As time went on, Terry became more and more of a handful, and as much as everyone loved him, many started to count the days when he would he would be leaving to take up his place in the SCS (Special Cat Services) training school in London.
It was generally thought that the school would be the ‘making of him’, and that the strict discipline there would calm his irrepressible nature and turn him into a more respectful young cat.
It was also thought that the college would teach him to take better care of himself, and many yearned for the day when their loveable rascal would finish his training in London and return from his college as a model member of the Pitsea community.
Just two weeks short of his first birthday, and about nine months after he had come to live in Feralia, the expected tabbi-scroll arrived from London, which instructed Terry’s foster parents to take him to London the following week to be enrolled into the SCS.
Terry had always known what his future plans were to be, as despite his tender age, he had never forgotten that fateful day when Hooray Henry had come to Pitsea and read out the decree.
But whenever either of his foster parents had tried to talk to him about it, he had remained unusually quiet, and had quickly changed the subject. Now that the time had come, and Mr Bob and Suzie Woo had no choice but to sit Terry down and discuss his future with him.
‘Now then, young Terry me lad, the tabbi-scroll is come from the SCS, and next week we ‘as to take you to London,’ said Mr Bob, when he came home from the Catspital one evening.
‘But Dad, I don’ wanna go. I likes it ‘ere,’ Terry replied. ‘Do I ‘ave to go?’
‘Oh yer poor lickle fing,’ said Suzie Woo. We likes yer to stay ‘ere as well, but yer ‘as ter go luv. It’s all been agreed.’
‘Agreed? Wiv ‘oo?’ asked Terry. ‘I never agreed!’
‘You woz too young to agree my dear boy,’ said Mr Bob. ‘We all agreed for you.’
‘But that’s not fair!’ said Terry.
‘Listen Terry,’ said Mr Bob, ‘If we ‘adn’t agreed, you wooda been cast out of Feralia in the middle of winter, and you wooda probably been a long time dead by now.’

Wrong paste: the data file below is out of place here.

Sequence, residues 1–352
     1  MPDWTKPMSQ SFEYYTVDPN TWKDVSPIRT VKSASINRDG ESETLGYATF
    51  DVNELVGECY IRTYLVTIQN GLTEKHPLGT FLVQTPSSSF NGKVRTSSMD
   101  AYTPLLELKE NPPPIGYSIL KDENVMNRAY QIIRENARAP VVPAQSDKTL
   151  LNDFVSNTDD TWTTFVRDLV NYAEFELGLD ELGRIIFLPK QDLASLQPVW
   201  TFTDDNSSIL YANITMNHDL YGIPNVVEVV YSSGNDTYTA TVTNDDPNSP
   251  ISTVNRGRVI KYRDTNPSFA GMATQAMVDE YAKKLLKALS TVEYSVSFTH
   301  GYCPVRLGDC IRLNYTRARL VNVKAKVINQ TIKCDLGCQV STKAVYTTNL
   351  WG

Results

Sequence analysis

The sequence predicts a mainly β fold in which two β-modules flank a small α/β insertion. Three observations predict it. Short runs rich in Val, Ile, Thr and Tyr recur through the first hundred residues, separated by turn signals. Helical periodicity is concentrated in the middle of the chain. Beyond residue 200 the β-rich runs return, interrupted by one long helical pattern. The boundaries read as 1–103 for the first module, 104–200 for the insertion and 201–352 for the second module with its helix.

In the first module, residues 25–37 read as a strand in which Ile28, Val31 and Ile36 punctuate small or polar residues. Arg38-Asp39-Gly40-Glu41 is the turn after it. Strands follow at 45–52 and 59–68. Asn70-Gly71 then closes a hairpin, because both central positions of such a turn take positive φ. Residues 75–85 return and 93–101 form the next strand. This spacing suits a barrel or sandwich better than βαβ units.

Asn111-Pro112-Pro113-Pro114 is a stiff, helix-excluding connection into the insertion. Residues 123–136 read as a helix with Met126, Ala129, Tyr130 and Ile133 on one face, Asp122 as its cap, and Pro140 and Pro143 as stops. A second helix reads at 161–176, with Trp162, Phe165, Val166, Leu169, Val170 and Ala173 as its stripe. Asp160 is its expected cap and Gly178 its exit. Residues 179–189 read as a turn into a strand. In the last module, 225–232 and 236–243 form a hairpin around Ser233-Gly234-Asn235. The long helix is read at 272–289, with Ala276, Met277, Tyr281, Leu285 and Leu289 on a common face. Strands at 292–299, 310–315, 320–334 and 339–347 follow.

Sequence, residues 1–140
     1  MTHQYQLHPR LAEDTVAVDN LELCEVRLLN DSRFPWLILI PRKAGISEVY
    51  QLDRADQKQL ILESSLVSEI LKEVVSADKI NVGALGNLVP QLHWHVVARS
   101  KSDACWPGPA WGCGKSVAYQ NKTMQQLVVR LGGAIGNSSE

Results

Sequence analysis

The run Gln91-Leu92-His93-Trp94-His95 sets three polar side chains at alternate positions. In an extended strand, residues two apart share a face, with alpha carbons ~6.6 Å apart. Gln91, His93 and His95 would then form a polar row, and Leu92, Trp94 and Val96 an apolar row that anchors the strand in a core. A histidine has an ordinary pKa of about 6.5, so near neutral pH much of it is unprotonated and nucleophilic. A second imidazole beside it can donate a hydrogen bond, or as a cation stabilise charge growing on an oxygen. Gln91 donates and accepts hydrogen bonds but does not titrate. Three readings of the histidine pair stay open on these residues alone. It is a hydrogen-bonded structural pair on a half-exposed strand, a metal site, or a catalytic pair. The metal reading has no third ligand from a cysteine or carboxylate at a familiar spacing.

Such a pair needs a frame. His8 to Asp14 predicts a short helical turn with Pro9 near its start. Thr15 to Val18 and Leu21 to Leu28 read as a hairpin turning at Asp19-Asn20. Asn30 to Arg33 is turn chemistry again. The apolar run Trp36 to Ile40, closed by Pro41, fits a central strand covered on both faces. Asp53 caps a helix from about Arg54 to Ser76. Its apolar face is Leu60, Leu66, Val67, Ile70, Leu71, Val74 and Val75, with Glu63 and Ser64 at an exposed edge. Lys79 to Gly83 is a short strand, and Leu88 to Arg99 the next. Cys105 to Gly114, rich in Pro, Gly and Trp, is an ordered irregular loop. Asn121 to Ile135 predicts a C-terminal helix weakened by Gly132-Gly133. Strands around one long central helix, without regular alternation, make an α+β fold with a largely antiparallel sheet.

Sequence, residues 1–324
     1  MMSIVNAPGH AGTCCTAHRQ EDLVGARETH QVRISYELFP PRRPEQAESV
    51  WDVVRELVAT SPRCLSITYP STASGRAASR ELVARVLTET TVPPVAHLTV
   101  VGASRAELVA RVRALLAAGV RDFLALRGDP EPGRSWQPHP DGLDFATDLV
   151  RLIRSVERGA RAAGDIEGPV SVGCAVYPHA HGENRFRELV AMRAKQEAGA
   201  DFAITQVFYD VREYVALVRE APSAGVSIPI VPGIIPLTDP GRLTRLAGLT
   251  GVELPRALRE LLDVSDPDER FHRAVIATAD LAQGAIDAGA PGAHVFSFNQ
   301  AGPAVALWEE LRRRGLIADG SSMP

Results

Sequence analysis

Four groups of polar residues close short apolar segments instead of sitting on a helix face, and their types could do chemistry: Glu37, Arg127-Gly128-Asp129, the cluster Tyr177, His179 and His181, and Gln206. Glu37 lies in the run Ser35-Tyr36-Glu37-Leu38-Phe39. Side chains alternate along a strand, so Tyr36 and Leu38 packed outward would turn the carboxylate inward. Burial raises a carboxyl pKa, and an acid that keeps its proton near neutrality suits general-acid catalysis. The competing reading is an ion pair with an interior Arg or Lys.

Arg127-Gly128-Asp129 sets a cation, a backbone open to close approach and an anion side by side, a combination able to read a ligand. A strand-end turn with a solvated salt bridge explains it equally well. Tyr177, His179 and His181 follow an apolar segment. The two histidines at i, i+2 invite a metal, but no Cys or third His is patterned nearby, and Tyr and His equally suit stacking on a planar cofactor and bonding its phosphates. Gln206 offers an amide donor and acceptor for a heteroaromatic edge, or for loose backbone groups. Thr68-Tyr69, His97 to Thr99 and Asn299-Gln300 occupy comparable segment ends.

‘But I don’ wanna go. I luvs yer all so much. I’ll miss you so. You’ve both been so good to me,’ said Terry, with tears in his eyes.
‘Oh my poor lickle baby,’ cried Suzie Woo. ‘We’ll miss you too – somefink rotten. Won’t we Mr Bob?’
‘Of course we will. But it won’t be forever. You’ll come back when yer’s finished yer training. This is still yer ‘ome. Always will be, my son.’
And so the discussion went on and on, long into the night, with everyone on the edge of tears, especially when they mentioned that he had to go away.
After that night, nothing more was said about Terry’s imminent departure, and plans were quietly made for Mr Bob to take Terry to London on the following Thursday morning.
Wednesday night quickly arrived, and some of Terry’s closest friends came round for a little farewell party.
Lurk and Kurk were there of course, together with some of the young wimps of the neighbourhood. Very late in the evening, dear old Bumbling Billy arrived to wish Terry luck, and just as the party was breaking up, who should arrive, but Captain Growler, having travelled all the way from Pitsea Creek.
‘Ah hah me ‘arties!’ C’aint let young Terry ‘ere go off wivout giving ‘im a proper sailors’ farewell, can we now?’
Captain Growler proceeded to dance a sort of cat’s hornpipe, but he must have been tippling the rumbaba, as every time he tried to get up on his hind legs, he only succeeded in falling over, much to the amusement of the assembled moggies.
The party was finally over, and a very quiet Terry settled down in his special corner for some much-needed sleep. Tomorrow was going to be the start of a new life, away from the love and comfort of Pitsea Mount.
When Mr. Bob came looking for Terry early the following morning, he wasn’t in his usual spot, waiting for his breakfast. At first, Mr Bob wasn’t too bothered, as he thought that Terry had probably woken up especially early, due to the excitement of the forthcoming trip. He was probably outside somewhere, saying goodbye to his friends, Mr Bob decided.
But when a thorough search of the neighbourhood did not uncover Terry’s whereabouts, the foster parents became increasingly concerned.
‘E’s vanished off the face of the ‘urf!’ said Mr Bob.
‘Oh my goodness – where d’ya fink ‘es got to?’ asked Suzie Woo in a high state of distress.
‘I dunno, Suzie. Maybe ‘E’s run off. ‘E never did wont ter go to that there school!’
‘Oh the poor lickle fing! Wot we gonna do Mr Bob?’
‘I’m gonna ‘ave ter tell the Catsil, Suzie. Maybe they can send out a search party.’
When it became clear that Terry had really gone, the worried couple reported his disappearance to Red Len who as usual, was completely at a loss to know what to do. Unfortunately, Dame Shirley just happened to turn up when the Mayor had almost decided to mount a full-scale search.